Laurence Podselver

Hasidism: The Jews of France in the Face of Fundamentalism Publication date : October 28, 2010

Laurence Podselver is an anthropologist and a research fellow at the Ecole des Hautes Etudes en Sciences Sociales, in Paris. A specialist in contemporary Judaism, she is the author of Fragmentation et recomposition du judaïsme (2004).

During the past several years, the rise of religious issues and fundamentalism in public and political life has become a highly charged issue in France. Judaism, transformed, divided, and even broken up into various tendencies and followings, has not been spared. Setting aside the current controversies, conflicts and oversimplifications, the author argues that a carefully focused description and analysis of the Lubavitch movement in France can serve as an illuminating example to help us understand the emergence of religious issues and fundamentalism, in general, as a mass phenomenon that mixes ethnicity and religion, the sense of belonging and intellectual choices.
In twenty-first-century Paris one may be surprised to see men in traditional Hasidic garb, with their beards, flowing sideburns and long black coats, who strikingly resemble nineteenth-century Jews from Poland and Russia, as described by traditional Yiddish writers. Who are these Hasidic Jews? How do they live and work? What inspires and structures their itinerary and their social and family lives? Writing from an anthropologist’s point of view, Laurence Podselver scrutinises the daily lives of these burgeoning Hasidic communities, and helps us understand individual choices, conversion and its underlying causes, the role of schools, the position of women, etc.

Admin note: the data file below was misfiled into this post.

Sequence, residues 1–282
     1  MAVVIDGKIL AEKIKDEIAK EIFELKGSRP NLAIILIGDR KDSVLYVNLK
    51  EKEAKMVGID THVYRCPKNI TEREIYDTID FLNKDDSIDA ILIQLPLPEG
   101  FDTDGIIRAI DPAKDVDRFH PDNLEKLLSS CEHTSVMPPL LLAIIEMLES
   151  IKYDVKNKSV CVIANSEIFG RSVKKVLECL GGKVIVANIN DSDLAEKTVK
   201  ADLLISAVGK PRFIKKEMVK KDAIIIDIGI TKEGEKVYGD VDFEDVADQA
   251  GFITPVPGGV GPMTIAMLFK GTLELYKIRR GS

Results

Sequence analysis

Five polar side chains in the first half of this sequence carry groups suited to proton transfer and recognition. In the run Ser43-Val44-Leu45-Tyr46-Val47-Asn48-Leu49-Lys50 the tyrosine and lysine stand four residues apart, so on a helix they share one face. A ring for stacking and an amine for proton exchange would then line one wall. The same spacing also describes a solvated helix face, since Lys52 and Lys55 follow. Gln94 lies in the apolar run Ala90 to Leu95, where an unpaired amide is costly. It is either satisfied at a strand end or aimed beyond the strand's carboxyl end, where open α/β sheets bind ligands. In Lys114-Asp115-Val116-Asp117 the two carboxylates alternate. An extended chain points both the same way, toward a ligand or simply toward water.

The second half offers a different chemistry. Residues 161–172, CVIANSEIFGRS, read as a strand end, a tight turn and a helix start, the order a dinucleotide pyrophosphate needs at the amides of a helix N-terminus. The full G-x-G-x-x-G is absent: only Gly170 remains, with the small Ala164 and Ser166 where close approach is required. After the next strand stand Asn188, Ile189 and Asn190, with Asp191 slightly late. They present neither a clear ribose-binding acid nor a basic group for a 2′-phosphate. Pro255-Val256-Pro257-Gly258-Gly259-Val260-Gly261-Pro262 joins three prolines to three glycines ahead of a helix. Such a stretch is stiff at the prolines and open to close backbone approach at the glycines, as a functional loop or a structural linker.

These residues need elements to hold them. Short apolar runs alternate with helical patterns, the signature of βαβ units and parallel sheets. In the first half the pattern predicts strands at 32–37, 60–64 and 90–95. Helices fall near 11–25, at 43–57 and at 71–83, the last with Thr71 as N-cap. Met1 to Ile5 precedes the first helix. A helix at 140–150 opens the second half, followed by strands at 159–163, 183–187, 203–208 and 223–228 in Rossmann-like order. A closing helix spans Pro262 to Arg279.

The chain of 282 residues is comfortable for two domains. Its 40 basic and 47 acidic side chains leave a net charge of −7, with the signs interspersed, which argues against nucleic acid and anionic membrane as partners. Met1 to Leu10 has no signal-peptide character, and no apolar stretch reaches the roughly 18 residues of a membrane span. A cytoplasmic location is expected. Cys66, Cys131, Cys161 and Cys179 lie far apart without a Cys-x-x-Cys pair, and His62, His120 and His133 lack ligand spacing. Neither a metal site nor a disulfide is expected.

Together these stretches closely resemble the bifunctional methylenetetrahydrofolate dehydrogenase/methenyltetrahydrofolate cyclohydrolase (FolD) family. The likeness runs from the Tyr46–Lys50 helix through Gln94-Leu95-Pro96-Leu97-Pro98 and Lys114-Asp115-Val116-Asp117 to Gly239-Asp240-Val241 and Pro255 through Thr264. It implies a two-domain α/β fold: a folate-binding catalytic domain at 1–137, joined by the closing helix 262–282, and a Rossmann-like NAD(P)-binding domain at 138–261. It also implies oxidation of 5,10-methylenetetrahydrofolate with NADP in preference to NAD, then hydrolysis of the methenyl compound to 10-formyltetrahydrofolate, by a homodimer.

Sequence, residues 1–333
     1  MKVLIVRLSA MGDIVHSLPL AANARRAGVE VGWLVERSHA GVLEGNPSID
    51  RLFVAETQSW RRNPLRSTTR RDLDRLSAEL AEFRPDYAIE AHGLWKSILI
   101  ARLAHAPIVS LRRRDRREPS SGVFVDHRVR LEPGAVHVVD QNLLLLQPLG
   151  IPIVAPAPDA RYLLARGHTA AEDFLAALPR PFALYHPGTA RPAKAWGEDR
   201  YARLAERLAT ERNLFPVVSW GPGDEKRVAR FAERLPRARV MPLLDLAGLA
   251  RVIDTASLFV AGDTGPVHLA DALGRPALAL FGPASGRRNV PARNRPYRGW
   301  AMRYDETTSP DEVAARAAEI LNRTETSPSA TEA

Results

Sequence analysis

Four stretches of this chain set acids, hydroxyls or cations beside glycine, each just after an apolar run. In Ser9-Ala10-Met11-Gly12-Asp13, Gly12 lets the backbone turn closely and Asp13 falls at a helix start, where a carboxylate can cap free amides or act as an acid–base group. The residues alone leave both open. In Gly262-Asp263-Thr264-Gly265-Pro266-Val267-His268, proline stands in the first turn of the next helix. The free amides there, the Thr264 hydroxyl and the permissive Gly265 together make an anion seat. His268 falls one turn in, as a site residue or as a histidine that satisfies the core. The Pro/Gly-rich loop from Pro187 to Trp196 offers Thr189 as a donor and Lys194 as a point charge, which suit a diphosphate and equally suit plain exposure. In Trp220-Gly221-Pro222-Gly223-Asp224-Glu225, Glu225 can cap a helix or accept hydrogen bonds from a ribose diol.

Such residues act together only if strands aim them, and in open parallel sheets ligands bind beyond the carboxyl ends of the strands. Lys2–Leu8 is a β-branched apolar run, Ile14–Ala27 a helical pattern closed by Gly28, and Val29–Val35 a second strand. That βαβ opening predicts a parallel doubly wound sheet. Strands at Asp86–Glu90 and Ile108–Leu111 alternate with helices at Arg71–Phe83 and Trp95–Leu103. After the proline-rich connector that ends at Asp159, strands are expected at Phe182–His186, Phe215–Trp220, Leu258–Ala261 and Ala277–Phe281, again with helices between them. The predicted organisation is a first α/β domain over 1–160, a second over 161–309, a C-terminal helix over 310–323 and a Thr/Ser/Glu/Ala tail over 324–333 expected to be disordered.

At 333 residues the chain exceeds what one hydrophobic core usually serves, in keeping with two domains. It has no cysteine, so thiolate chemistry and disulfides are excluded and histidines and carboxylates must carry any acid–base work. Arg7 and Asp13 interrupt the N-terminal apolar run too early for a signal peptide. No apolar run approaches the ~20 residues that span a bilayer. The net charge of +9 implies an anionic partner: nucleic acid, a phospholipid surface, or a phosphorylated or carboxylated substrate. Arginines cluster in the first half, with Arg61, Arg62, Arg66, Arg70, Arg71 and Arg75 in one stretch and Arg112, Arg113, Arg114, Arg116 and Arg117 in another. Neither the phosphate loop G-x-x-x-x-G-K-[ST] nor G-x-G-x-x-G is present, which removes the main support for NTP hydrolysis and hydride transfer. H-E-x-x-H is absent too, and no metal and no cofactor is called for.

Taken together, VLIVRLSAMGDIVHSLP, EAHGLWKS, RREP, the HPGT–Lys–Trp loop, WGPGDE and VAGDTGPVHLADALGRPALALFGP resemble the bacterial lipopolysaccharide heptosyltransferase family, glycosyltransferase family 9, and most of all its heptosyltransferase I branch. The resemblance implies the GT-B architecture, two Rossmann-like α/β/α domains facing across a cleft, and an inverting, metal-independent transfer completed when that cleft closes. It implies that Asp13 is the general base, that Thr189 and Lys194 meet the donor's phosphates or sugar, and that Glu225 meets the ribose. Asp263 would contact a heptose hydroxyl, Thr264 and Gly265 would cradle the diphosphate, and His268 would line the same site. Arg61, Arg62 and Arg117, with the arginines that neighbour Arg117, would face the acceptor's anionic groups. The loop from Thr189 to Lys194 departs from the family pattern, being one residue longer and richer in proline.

Throughout the book she asks the following questions: why are all, or nearly all, the Lubavitch families living in Paris and its suburbs comprised of Jews who have recently made a religious “comeback”? What does this suggest about France and contemporary Judaism?

• Based on years of study, this unusual anthropological study, helps us understand the individual itineraries that explain why so many Jews, previously cut off from religious practice and from a sense of belonging, have chosen to go back to a powerfully structured community life.

• Fundamentalism, religious backlash, communitarian excesses, intercultural clashes: all these vague, abstract notions, which are regularly flung about in debates on such issues as “national identity” and “living in a shared space”, cannot be understood without a precise enquiry into individual destinies — and that is what this book does.